Really?!!! It escaped my notice as well, and I'm pretty good about keeping up with things
Submitted by Joe K. (not verified) on May 20, 2013 9:28 pm
Yes, I am too. However my memory is pretty poor. I did ask several people at my school and nary a one knew about the election though. Jerry, it's time for you to lead not play mouse or act as a bystander watching golf.
Submitted by Anonymous (not verified) on May 20, 2013 9:21 pm
The only mailing I ever received was a notice that Jerry Jordan had been reelected because his secretary cast a single vote for him. It was never explained how this was possible or why. Another PFT scam.
Submitted by Joe K. (not verified) on May 18, 2013 8:35 am
Tom 104---That's what I was trying to say in my clumsy, expletive deleted, roundabout way. We are the clowns they think we are.
Submitted by Joe K. (not verified) on May 18, 2013 8:12 am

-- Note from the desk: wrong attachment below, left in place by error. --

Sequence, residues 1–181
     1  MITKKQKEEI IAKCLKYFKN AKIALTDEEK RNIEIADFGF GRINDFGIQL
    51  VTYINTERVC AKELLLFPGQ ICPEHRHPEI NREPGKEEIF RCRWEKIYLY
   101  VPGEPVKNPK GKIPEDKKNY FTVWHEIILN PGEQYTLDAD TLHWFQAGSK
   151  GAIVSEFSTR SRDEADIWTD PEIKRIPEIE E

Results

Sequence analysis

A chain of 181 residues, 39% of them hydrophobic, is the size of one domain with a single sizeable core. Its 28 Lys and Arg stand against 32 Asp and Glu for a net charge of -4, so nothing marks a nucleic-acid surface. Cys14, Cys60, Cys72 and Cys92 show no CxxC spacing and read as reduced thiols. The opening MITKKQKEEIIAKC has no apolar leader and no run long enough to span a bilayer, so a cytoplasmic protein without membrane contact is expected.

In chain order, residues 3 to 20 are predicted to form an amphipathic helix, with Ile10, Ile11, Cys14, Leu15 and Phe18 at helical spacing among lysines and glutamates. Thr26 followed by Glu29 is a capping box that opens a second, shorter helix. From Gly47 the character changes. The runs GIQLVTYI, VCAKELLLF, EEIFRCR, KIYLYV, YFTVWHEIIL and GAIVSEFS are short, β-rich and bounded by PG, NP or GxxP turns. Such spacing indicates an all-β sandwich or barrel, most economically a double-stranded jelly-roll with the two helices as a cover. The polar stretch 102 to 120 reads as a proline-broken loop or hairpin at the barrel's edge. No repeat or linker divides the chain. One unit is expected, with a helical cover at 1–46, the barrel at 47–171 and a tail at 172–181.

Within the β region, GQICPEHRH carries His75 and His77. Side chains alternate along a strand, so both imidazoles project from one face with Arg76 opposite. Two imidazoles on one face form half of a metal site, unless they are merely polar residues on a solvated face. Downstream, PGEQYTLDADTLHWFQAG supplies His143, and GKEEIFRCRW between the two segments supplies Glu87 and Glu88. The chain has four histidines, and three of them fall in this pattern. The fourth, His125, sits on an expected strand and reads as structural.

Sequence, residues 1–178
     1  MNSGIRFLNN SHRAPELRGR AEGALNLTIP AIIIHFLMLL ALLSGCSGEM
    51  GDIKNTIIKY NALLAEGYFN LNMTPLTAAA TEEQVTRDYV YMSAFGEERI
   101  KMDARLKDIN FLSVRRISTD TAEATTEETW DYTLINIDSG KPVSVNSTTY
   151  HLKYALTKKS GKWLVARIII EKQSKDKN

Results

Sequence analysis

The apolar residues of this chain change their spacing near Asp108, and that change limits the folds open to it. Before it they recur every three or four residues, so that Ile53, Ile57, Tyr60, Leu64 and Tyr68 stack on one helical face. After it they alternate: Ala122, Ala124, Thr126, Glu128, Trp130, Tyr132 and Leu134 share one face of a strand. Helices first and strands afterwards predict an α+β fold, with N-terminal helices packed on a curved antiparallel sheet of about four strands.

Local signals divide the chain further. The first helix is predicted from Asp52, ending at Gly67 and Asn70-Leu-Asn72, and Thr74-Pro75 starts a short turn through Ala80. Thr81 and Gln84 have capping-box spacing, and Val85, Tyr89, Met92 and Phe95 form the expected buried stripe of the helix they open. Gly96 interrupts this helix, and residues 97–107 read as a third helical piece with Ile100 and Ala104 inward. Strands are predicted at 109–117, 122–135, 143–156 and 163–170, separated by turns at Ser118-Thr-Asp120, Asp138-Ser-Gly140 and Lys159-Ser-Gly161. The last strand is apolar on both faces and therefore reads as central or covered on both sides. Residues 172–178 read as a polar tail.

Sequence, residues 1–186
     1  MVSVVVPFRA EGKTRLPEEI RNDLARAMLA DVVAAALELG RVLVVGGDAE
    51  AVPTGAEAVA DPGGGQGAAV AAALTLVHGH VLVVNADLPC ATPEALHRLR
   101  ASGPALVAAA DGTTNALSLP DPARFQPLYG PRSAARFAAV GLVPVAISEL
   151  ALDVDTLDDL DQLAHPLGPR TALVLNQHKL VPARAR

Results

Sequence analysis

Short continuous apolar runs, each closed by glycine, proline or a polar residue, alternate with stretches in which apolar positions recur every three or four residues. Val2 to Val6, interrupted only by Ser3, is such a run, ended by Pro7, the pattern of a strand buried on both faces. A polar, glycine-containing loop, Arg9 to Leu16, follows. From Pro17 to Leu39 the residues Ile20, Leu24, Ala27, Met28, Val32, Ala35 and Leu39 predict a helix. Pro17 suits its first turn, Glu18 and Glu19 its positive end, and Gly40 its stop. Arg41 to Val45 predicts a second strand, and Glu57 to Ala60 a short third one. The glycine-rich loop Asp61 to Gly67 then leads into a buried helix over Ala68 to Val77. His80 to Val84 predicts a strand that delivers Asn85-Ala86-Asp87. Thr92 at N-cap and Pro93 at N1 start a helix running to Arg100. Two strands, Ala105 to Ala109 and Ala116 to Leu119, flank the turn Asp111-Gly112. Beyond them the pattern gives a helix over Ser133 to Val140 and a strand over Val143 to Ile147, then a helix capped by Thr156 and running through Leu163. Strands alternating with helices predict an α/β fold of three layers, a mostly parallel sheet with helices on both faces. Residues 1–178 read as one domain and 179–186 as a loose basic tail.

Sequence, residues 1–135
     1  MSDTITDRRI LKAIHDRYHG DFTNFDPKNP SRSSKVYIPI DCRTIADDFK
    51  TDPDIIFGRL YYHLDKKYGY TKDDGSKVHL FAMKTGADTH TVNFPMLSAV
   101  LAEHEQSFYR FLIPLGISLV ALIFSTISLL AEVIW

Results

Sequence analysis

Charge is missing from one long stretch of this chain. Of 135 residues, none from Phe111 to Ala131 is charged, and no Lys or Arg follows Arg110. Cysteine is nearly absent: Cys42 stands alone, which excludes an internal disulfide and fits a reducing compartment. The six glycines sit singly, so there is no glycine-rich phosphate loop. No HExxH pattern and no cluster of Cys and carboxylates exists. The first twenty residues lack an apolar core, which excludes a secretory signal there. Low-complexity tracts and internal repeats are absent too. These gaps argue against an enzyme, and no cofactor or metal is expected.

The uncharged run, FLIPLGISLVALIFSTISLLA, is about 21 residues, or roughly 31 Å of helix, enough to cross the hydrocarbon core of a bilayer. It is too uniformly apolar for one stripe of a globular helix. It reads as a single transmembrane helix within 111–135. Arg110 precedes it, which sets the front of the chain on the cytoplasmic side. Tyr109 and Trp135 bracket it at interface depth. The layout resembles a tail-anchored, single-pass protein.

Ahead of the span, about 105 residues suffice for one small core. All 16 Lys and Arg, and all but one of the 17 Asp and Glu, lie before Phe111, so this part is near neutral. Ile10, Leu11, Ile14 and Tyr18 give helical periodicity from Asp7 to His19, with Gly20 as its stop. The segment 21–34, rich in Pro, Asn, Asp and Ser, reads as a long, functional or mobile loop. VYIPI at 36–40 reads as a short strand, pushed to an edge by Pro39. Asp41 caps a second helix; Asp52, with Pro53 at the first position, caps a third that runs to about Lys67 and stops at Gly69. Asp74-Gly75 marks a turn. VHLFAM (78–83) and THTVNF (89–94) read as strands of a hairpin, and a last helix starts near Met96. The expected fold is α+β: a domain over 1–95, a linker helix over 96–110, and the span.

Karen Lewis is lucky our Jerry wasn't running against her especially in nice weather.
Submitted by anon (not verified) on May 19, 2013 7:32 pm
if jerry was running against her, she wouldn't have known there was an upcoming election.
Submitted by Joe K. (not verified) on May 19, 2013 7:41 pm
Bingo !! Very Good.
Submitted by Ken Derstine on May 18, 2013 10:04 am
The importance of Friday's student demonstration should not be minimized. They showed that the SRC and Hite have failed spectacularly in trying to spin their corporate education reform agenda as progressive. No one with any contact with the public schools is buying into the SRC and Hite's game. Everyone knows that the schools have been underfunded by the state for decades, they have been systematically starved for resources and support staff since the state takeover in 2002, that No Child Left Behind has been used to vilify teachers and schools for conditions over which they have no control, and that the bottom line is we are being set up for the privatization of our public schools. The students get it and know their future depends on fighting this assault on public education! Click here to see how impressive the march was: